June 14, 2024

Jade Cargill made her in-ring debut for a national wrestling promotion in front of a global audience alongside a basketball legend. Cargill’s All Elite Wrestling debut came on March 3, 2021, when she teamed with Shaquille O’Neal to face Cody Rhodes and Red Velvet on AEW Dynamite.

One year later, Cargill has amassed a perfect 21-0 singles record and stands tall as the inaugural TBS champion. AEW president Tony Khan named her as his Rookie of the Year, a sentiment shared by others in the industry. There is a vocal portion of the audience, however, that is critical of Cargill’s early success. The powerful wrestler is far from a finished product. Her matches are often not the cleanest on the card and Cargill is still finding her footing. There are no small crowds in front of which she can hone her craft. Every opportunity for Cargill to work is done so in the public eye and shown from multiple camera angles.

The criticism that comes from learning on the big stage is something Cargill told CBS Sports she’s aware of — and fine with.

“In this industry, you have to pay your dues,” Cargill said. “A lot of people come from the indies where they built up a fan background. They put in the time, they put in work. They’ve dealt with situations. They know what works and what doesn’t work. I’m raw. I’m learning on the job and a lot of people probably don’t like that. That’s fine. You like what you like. Some people like mangoes and some people don’t like mangoes, and that’s OK.

“But people have to understand that it only goes up from here. I don’t want to say this in the wrong way. I understand, maybe you back another person. I applaud you, that’s great. They probably put the work on the indies. That’s frickin’ amazing. But you have to understand that this sport takes time and some people don’t even get comfortable in their skin. I think in the interview that Bryan [Danielson] did recently, he said that he didn’t even feel comfortable until seven years [in]. I’ve just started my first year. I probably had one match a month at that point.”

Check out the full interview with Jade Cargill below.

Fortunately, Cargill has a pack of grizzled veterans who don’t sugarcoat when things aren’t working.

“All my coaches in the back talk and they talk to me realistically. If I do something bad — trust me — Sonjay [Dutt], Dustin [Rhodes], they will come up to me and say I was trash.

“I think Dustin came up to me this past week. … He’s such a fatherly figure and he doesn’t, excuse my language, he doesn’t cater to the bulls—. He’s very much like, ‘This looks bad, this looks good. No, no, no, no, no, no. I don’t care what excuse you have. This is what you have to do.’ Because at the end of the day, holding the belt is a privilege. I’m learning on the job, yeah, and a lot of people don’t think that champions should learn on the job, which is fair enough in their aspect in their world. But hey, I’m rolling. I’m keeping it moving.”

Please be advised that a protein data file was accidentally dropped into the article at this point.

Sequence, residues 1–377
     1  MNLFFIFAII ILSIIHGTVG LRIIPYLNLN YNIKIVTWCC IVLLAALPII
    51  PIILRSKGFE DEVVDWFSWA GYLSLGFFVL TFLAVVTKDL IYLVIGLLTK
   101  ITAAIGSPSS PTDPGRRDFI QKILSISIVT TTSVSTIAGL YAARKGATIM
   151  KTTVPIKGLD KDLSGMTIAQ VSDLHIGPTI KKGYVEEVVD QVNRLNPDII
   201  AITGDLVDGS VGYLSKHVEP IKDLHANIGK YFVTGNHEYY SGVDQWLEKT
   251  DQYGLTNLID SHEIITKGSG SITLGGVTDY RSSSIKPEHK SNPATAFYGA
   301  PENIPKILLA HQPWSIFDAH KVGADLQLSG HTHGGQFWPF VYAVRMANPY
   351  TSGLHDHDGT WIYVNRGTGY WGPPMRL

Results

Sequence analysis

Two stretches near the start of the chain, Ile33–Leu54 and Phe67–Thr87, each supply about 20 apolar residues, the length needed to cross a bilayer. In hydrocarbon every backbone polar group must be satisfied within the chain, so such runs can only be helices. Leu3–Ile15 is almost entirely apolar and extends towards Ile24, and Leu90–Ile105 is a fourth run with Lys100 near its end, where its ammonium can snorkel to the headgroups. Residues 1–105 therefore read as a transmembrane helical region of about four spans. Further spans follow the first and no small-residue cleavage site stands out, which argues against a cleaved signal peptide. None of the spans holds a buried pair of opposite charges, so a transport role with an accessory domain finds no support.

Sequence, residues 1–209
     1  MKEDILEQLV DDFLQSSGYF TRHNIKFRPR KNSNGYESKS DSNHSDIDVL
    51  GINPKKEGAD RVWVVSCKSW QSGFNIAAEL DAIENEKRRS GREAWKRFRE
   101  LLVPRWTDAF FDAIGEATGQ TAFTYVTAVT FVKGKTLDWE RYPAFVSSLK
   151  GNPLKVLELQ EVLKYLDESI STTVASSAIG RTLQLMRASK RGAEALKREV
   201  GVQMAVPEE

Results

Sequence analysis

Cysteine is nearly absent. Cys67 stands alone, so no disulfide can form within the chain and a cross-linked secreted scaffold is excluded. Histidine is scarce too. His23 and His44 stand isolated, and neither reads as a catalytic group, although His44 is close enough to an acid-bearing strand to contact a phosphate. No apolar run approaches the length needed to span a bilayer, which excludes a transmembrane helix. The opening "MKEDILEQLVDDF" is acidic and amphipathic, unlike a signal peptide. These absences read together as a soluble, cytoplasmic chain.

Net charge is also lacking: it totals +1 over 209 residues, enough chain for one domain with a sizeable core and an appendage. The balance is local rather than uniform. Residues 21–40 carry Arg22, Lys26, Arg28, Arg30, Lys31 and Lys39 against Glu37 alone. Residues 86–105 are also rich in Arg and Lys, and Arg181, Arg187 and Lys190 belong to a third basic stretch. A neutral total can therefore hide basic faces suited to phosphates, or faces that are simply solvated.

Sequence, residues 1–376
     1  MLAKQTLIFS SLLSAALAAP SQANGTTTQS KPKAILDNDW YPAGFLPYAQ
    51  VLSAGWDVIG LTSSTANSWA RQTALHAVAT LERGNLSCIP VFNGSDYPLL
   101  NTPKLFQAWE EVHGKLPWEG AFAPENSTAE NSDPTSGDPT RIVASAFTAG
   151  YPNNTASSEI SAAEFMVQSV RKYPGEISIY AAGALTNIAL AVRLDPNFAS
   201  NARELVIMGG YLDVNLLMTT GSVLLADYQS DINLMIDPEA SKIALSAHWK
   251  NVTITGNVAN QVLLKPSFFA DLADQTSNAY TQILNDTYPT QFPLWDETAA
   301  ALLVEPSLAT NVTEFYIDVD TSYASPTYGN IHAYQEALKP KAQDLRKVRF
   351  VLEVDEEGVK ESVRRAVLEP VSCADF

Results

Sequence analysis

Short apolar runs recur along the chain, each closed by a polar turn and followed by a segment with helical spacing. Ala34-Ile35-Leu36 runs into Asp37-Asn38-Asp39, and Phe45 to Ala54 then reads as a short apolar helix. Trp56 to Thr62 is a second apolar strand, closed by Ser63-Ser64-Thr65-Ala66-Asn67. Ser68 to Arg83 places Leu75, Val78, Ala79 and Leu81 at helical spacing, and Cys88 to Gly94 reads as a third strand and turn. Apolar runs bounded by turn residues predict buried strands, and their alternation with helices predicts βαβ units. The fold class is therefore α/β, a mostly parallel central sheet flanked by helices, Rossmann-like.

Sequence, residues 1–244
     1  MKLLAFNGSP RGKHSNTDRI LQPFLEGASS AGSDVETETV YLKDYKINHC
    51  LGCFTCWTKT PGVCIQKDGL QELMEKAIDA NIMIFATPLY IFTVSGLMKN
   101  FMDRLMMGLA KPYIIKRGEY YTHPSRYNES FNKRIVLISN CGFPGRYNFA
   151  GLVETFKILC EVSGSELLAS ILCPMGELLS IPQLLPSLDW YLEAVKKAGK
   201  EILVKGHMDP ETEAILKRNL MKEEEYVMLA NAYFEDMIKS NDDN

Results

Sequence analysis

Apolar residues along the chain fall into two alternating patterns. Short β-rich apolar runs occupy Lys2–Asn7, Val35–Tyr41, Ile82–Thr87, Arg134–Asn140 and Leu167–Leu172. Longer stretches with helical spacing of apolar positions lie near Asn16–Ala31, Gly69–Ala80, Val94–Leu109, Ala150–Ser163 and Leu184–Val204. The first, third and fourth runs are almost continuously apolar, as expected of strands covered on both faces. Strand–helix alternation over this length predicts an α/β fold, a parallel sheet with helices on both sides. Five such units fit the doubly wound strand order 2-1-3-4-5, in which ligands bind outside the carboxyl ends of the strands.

There is a stark contrast between the brash, cocky TBS champion and the laid-back mother of a 4-year-old daughter. Cargill leans on her master’s in child psychology and confidence to fuel the more amplified components of her character.

“There’s a reason why MJF is MJF. There’s a reason why you feel when he speaks. I believe that your character is nothing but an extension of yourself,” Cargill said. “I’m finding my way through that and I’m connecting and I’m getting there because I am a very laid-back, chill person. If I get upset with you, I’m going to talk to you like I talk to my kid. I’m not going to yell and be in your face and veins popping out, that’s not me. So I’m getting into this character. And again, it takes years to get comfortable in the skin. 

“It’s the way you handle things. Me being a psychologist, I can be cocky and I can do all that and I can come at home and peel the skin off and be myself and be the goofy laid-back Jade that I am. Then I step outside and I put on my shades and the cover and the face mask or whatever you want to call it, the skin and be Jade Cargill. So it depends on the person. Some people can handle it and some people can. It’s about what you do with it for sure.”

One of Cargill’s first supporters was Cody Rhodes, a former executive vice president of AEW who recently parted ways with the company. Cargill reflected on her debut match against Rhodes and praised how supportive he was.

“It was a blessing. After my Shaq match, I feel like a lot of people kind of went off their ways. He was one of the people that checked up on me and my mental and to make sure I was OK and to help me understand the business,” Cargill said. “Understand [that] the business found me. I didn’t find the business. I was just thrown into it and he understood that. There were other people, I’m not casting them out, but he was one of the people that texted me daily about my mental. In this sport, mental is very important. He’d check if I was getting what I needed. If I was getting the training that I needed, if I was able to speak and have the voice that I wanted.

“Cody is one of the people that’s for the people. For the people that can’t speak up. I’m the type of person that doesn’t complain. I just roll with the punches. I just go with the flow. That’s me and I like taking on challenges. He’s a great person. He’s a great individual. He was very much in my corner. He’s a great guy. He’s a phenomenal father. He stepped into new shoes. He’s a phenomenal father. He’s a phenomenal person in general, and he was one of the people that went to bat for me, for a lot of things.”

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